Eclipsing Rooftop Solar
‘Throwing Shade’ takes on states that are hindering rooftop solar progress
Renewable energy is on the verge of revolutionizing the way we get our power, but there’s one big obstacle: Powerful, investor-owned utilities and fossil fuel backers are fighting to weaken or eliminate state programs that help develop and incentivize rooftop solar investments.
When it comes to the way states treat solar development, there’s been a lot of focus on California, Nevada and other Western states, where very public fights have been brewing over net-metering policies — programs that make distributed energy affordable and establish common-sense rules on how families and neighborhoods are reimbursed for the extra energy their rooftop solar installations provide.
But those fights have overshadowed another disturbing policy trend: There are states across the country with heaps of potential for solar power that don’t have established solar programs at all. Some of the most sun-drenched states in the country are letting powerful interests eclipse their solar potential.
Today the Center for Biological Diversity released a report that shines a light on those missed opportunities. Throwing Shade takes a deeper look at 10 sunny states that don’t have a solar power market because they lack state programs and have policies that outright block development.
You might be surprised by some of the worst offenders. Texas and Florida are ranked second and third, respectively, for rooftop solar potential, yet both of these states have incredibly weak solar policy landscapes. These two states alone could account for 16 percent of total installed rooftop solar capacity, but they have less than 3 percent of what’s currently installed nationally.
As they say, everything’s bigger in Texas, and that holds true for rooftop solar potential. The Lone Star State has unparalleled opportunities to develop distributed solar energy (second only to California) — even with just meager improvements to the lacking state programs — but Texas continues to block straightforward policies to support solar energy investments.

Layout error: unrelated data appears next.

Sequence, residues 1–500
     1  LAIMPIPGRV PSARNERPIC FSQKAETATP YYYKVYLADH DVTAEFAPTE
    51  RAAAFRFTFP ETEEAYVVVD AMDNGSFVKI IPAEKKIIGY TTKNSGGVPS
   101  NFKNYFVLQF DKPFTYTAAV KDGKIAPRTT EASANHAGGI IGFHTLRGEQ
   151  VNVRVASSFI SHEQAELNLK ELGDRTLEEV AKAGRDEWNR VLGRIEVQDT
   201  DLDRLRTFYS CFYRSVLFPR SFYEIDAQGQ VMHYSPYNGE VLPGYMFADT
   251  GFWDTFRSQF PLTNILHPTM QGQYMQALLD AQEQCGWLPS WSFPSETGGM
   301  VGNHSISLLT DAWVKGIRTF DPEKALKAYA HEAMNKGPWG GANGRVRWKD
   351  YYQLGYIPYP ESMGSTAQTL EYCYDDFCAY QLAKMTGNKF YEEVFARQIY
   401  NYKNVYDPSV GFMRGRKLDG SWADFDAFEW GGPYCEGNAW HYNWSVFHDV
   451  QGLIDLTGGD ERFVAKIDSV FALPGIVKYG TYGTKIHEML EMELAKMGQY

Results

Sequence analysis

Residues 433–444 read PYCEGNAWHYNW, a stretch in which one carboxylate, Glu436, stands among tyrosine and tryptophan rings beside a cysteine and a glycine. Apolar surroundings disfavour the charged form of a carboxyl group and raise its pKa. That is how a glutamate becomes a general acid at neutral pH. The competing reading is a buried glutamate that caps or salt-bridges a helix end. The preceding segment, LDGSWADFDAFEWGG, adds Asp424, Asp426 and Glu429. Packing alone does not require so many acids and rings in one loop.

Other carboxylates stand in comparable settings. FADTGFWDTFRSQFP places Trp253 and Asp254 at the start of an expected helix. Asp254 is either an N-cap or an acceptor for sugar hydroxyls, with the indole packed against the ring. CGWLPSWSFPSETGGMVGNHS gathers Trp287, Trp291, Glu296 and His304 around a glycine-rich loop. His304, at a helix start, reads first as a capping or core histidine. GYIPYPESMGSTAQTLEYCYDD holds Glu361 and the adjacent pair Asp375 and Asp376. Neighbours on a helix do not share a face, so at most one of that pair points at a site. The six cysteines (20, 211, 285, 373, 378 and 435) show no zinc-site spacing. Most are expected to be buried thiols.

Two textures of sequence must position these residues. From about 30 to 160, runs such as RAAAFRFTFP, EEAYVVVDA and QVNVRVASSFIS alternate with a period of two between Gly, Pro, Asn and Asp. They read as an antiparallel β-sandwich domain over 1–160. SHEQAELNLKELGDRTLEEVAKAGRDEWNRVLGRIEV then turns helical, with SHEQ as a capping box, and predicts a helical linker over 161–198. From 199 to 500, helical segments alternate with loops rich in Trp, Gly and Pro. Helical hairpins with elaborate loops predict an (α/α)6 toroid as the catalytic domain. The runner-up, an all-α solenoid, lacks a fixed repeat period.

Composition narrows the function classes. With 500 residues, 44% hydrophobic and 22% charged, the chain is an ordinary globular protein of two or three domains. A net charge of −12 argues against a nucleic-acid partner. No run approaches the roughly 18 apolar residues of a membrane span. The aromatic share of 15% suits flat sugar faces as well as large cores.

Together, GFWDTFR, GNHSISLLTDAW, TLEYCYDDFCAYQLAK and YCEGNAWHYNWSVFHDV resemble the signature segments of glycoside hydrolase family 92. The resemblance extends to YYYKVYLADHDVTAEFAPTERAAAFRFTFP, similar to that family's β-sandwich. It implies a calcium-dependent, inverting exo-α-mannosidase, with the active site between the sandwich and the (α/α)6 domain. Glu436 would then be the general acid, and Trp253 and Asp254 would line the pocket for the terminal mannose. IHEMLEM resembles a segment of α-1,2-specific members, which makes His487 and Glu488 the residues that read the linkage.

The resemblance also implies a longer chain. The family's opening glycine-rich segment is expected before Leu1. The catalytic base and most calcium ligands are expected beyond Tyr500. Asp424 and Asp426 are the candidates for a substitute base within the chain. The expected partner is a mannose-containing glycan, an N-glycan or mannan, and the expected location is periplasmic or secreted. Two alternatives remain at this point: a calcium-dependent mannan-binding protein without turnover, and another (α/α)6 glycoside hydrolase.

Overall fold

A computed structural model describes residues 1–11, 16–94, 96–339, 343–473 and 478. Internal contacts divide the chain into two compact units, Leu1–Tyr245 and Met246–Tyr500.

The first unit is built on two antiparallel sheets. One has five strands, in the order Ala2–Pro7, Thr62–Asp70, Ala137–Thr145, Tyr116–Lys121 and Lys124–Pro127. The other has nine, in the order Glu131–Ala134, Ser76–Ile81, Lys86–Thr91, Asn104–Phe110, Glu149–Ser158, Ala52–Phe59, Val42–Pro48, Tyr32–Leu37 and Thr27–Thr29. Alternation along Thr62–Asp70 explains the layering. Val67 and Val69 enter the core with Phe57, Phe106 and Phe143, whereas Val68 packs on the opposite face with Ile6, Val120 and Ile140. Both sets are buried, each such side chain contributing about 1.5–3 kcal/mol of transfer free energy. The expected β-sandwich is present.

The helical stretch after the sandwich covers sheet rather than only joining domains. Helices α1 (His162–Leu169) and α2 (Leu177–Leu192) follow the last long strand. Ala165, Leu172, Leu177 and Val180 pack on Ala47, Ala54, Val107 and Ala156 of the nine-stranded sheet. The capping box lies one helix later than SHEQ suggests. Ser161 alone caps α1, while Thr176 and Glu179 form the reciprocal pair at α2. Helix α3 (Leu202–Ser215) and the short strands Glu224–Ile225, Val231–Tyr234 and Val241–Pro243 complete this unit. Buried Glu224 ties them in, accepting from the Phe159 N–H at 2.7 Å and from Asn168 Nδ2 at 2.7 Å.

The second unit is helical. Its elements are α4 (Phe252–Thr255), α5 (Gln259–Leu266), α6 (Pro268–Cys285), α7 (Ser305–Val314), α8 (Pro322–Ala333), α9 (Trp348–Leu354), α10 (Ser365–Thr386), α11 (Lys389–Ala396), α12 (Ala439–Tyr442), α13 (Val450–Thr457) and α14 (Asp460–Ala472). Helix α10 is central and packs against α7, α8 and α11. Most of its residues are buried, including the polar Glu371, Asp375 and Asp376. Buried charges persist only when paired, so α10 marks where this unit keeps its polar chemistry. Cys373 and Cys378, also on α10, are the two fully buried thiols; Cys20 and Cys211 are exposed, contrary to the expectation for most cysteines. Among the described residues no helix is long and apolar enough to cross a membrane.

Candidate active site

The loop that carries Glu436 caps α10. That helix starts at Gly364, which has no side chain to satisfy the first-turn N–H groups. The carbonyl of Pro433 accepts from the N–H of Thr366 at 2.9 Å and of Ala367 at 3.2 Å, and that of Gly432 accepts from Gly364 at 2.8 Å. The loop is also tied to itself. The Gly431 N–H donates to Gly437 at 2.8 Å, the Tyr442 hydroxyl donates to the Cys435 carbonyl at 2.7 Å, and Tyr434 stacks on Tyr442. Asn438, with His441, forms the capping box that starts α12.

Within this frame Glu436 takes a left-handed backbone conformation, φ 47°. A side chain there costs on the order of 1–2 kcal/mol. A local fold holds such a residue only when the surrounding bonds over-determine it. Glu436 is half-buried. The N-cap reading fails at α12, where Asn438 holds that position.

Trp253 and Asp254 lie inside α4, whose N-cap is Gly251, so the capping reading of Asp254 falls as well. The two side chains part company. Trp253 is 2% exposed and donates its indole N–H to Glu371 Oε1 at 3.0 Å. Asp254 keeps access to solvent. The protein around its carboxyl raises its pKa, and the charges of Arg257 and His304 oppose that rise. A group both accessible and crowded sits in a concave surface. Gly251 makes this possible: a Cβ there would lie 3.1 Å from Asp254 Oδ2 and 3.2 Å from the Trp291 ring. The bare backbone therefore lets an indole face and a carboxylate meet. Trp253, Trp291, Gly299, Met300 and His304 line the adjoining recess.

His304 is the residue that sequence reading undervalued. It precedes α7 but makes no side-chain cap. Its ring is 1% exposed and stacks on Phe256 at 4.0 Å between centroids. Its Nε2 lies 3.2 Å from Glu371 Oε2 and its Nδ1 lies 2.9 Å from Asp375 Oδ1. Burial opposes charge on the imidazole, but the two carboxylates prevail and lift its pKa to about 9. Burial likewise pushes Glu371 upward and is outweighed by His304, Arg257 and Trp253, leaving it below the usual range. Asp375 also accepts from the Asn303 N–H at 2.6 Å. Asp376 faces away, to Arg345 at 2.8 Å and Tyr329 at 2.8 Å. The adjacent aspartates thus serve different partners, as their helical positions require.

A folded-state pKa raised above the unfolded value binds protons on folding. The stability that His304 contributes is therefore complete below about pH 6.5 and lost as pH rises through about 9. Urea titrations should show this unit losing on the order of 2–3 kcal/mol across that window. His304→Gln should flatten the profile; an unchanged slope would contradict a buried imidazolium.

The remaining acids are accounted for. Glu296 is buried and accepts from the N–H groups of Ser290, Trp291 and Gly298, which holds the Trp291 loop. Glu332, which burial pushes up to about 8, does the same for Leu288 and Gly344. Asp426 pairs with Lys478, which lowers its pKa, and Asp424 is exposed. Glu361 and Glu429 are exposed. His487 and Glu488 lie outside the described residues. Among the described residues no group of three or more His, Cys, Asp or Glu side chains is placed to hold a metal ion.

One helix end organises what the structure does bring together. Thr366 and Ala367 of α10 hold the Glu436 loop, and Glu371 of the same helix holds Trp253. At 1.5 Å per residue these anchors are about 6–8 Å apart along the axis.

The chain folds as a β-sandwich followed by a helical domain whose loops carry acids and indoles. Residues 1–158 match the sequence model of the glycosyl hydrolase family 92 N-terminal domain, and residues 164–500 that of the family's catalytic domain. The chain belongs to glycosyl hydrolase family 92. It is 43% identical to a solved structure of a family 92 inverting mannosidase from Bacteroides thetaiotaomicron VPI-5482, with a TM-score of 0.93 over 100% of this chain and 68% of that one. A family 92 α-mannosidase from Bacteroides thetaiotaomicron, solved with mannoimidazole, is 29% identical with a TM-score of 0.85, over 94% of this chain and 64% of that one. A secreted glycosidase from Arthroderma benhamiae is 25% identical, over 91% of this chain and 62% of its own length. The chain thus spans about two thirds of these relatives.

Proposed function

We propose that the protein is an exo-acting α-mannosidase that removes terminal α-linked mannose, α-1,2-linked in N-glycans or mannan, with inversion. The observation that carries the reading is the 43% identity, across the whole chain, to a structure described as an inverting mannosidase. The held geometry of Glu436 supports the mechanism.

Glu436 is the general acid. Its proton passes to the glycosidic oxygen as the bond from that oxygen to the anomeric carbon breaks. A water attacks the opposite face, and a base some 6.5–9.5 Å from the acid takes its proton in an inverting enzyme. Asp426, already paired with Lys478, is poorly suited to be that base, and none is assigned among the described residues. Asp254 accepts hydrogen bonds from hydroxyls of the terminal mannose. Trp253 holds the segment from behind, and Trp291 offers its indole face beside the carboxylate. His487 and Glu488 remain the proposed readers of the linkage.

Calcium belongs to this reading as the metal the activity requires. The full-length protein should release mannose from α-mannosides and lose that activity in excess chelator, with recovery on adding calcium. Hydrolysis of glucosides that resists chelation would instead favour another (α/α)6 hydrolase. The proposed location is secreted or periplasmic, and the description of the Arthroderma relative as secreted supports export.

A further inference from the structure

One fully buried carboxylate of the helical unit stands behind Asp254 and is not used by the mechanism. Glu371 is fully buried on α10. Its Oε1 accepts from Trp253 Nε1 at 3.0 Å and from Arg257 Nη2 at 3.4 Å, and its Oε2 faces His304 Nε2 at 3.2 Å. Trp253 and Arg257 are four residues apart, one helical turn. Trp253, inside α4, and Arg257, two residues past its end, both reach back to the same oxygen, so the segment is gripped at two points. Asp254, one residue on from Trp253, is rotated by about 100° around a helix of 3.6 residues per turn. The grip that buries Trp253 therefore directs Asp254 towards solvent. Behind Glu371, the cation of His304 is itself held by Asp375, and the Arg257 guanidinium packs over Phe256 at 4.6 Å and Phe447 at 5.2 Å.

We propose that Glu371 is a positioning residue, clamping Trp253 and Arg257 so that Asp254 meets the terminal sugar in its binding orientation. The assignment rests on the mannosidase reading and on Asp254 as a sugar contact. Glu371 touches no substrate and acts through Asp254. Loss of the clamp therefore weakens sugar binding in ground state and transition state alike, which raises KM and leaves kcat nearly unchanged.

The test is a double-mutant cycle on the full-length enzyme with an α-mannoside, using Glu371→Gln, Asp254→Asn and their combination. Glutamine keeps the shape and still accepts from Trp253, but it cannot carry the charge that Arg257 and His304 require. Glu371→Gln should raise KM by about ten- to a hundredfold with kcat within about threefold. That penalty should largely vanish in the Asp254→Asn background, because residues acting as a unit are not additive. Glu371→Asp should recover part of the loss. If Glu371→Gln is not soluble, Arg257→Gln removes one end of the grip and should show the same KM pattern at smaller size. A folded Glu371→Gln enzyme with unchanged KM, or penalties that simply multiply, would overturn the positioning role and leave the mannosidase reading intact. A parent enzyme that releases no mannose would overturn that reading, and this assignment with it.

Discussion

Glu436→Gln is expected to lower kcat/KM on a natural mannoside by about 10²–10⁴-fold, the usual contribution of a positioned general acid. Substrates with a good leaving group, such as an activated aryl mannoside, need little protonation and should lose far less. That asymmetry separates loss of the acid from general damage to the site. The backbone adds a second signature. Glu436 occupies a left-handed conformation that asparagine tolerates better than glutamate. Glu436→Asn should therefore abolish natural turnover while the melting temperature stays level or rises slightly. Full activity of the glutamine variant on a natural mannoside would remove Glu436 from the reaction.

In Florida, the Sunshine State, monopoly utilities have been squashing efforts by solar advocates to implement even the most basic solar policies for years. Despite its sunny nickname, Florida doesn’t allow third-party installers to operate in the state, including well-known and successful companies such as SolarCity and Sunrun. These installers allow families and small businesses to finance solar panels, making them more affordable.
Just last week a utility-backed anti-solar group calling themselves Consumers for Solar Choice launched an equally confusing solar initiative called “Yes on 1 for the sun.” This campaign — funded by monopoly utilities and filled with disinformation — is meant to prevent changes to Florida law that would allow third-party leases.
We can achieve about 40 percent of our electricity needs with rooftop solar — and that number doesn’t even account for the parking lots, brownfields, roadways, building facades and other locations within the already-built environment that could produce clean, wildlife-friendly energy with distributed solar. But we can’t meet our full energy potential unless we both protect and strengthen existing solar policies and ensure that all 50 states have these key solar programs in the first place.
By blocking solar expansion, state legislators and utilities are threatening the swift transition to a just and fully renewable energy system that’s needed to stave off the worst effects of climate change.
To learn more about sunny states blocking solar access, check out our report Throwing Shade: 10 Sunny States Blocking Distributed Solar Access.
Greer Ryan is the sustainability research associate at the Center for Biological Diversity.